Judge keeps 281 lawsuit alive



San Antonio, TX – February 6, 2009 – Yesterday, U.S. District Judge Fred Biery turned to common sense, “old lessons,” the wisdom of Aristotle, and even a bit of poetry in a ruling on the lawsuit filed by Aquifer Guardians in Urban Areas (AGUA) and Texans United for Reform and Freedom (TURF) against the Texas Department of Transportation (TxDOT), the Federal Highway Administration (FHWA), and the Alamo Regional Mobility Authority (ARMA) over the proposed US 281 and Loop 1604 toll roads.

Specifically, Judge Biery denied motions by FHWA, TxDOT and ARMA to dismiss the case as moot.  Instead, the Judge took an interim step that left the case closed but pending on the court’s docket and subject to further requests for relief by the parties.  At the same time, Biery denied motions by the Plaintiffs to order the Defendants to release study documents on the proposed toll roads that were previously withheld.

While stopping short of ordering the Defendants to study the proposed, intersecting US 281 and Loop 1604 projects together in one comprehensive environmental study, Judge Biery wrote that while “the Court has no highway engineering expertise, it seems commonsensical that two intersecting parts costing billions would be connected to create an Aristotelian whole.”

In response to the lawsuit, FHWA had previously reversed course on US 281, revoking its approval and ordering TxDOT to prepare a full Environmental Impact Statement on the proposed seven mile long toll road.  The project would extend from Loop 1604 north to the Comal County line.  TxDOT had also recommended that the proposed 36-mile long Loop 1604 toll road, which similarly traverses the recharge zone for the Edwards Aquifer, be approved without an EIS.  But in recent months ARMA has stepped forward to begin the process of preparing preparing EISs on both projects.  All of the Defendants, however, have resisted Plaintiffs demands that the two projects be studied together, in a single study on what ARMA has called its “starter toll system.”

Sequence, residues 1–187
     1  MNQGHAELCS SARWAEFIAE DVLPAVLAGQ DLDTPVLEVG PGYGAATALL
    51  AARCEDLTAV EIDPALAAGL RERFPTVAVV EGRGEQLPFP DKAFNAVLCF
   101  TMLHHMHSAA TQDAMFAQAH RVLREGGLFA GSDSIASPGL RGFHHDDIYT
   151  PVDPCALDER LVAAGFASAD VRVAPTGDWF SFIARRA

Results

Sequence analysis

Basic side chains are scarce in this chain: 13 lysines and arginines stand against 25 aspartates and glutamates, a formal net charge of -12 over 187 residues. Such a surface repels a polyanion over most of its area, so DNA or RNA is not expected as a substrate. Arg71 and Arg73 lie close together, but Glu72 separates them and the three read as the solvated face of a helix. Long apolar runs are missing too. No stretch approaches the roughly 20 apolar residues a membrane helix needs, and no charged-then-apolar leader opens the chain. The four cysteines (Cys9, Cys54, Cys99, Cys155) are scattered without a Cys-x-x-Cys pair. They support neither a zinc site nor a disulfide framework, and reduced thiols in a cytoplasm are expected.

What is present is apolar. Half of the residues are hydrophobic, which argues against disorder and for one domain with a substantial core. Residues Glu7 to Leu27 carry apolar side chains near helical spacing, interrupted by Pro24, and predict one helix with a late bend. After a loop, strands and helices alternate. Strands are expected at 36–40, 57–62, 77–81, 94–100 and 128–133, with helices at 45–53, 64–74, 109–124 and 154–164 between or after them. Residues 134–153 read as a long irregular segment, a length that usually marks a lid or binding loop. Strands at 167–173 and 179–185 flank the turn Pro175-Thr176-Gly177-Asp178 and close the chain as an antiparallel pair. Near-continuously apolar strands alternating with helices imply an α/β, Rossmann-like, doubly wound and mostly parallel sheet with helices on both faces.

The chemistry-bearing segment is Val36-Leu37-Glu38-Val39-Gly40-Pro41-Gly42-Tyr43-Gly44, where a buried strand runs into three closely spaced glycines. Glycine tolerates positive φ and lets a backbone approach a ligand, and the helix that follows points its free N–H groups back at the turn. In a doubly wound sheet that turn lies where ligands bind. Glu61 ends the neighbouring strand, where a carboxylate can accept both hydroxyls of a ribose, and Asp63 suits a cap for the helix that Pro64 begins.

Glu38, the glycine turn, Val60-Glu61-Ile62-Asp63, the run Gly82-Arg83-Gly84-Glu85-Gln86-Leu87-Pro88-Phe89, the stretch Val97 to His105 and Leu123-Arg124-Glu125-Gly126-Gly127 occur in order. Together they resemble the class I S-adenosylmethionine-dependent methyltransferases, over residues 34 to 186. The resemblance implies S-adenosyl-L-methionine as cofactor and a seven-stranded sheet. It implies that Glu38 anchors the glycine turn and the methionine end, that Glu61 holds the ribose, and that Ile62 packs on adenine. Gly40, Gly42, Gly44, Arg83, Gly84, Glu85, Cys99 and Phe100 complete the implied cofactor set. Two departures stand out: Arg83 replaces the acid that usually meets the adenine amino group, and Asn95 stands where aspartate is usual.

The court makes clear that it will watch the next moves from FHWA and TxDOT and that it expects “transparency and public participation” in the decision-making process.

Judge Biery’s six page order writes of “Uncle Fred and Aunt Della Grantham . . . [who] knew nothing about computers or air conditioning or environmental impact statements, but they were wise enough not to build the privy close to their water supply.”

In leaving the case pending, Judge Biery wrote that while the projects remain “at a red light, the issues of water quality and quantity and traffic gridlock will not disappear into the legal smog. . . .  What is known is that we, like the dinosaurs and the cockroaches, will either adapt, move or die.”  He concluded with this adaptation of John Donne’s meditation of 1624 (which, in turn, inspired Hemingway’s novel, “For Whom the Bell Tolls.”

“No San Antonian is an island, entire of itself;
Each is a piece of South Texas, a part of the Edwards escarpment.
If our refuse washes into the aquifer,
all are the less.

And species’ death diminishes the whole,
Because we are all involved in life,
and therefore never send to ask for whom the road tolls;
it tolls for thee.”

Representatives for the Plaintiffs deferred comment for another day, preferring that the people of San Antonio consider the words of the court.

To read the Court’s opinion, go here.